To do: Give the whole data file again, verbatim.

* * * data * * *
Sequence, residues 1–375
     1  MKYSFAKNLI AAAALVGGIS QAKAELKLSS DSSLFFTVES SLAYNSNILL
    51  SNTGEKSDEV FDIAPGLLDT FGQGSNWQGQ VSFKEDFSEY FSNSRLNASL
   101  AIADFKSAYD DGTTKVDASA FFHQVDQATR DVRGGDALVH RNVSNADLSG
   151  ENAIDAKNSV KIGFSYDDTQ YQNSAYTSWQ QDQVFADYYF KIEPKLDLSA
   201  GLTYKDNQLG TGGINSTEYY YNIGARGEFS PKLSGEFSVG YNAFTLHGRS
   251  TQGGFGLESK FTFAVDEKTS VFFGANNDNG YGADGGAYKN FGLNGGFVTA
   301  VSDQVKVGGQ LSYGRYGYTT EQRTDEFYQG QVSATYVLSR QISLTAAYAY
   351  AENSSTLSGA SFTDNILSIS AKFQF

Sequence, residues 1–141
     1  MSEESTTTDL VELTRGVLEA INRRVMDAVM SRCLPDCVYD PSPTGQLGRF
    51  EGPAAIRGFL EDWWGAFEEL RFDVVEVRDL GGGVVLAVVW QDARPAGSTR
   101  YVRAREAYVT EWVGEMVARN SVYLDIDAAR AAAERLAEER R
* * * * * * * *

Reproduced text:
Sequence, residues 1–375
     1  MKYSFAKNLI AAAALVGGIS QAKAELKLSS DSSLFFTVES SLAYNSNILL
    51  SNTGEKSDEV FDIAPGLLDT FGQGSNWQGQ VSFKEDFSEY FSNSRLNASL
   101  AIADFKSAYD DGTTKVDASA FFHQVDQATR DVRGGDALVH RNVSNADLSG
   151  ENAIDAKNSV KIGFSYDDTQ YQNSAYTSWQ QDQVFADYYF KIEPKLDLSA
   201  GLTYKDNQLG TGGINSTEYY YNIGARGEFS PKLSGEFSVG YNAFTLHGRS
   251  TQGGFGLESK FTFAVDEKTS VFFGANNDNG YGADGGAYKN FGLNGGFVTA
   301  VSDQVKVGGQ LSYGRYGYTT EQRTDEFYQG QVSATYVLSR QISLTAAYAY
   351  AENSSTLSGA SFTDNILSIS AKFQF

Sequence, residues 1–141
     1  MSEESTTTDL VELTRGVLEA INRRVMDAVM SRCLPDCVYD PSPTGQLGRF
    51  EGPAAIRGFL EDWWGAFEEL RFDVVEVRDL GGGVVLAVVW QDARPAGSTR
   101  YVRAREAYVT EWVGEMVARN SVYLDIDAAR AAAERLAEER R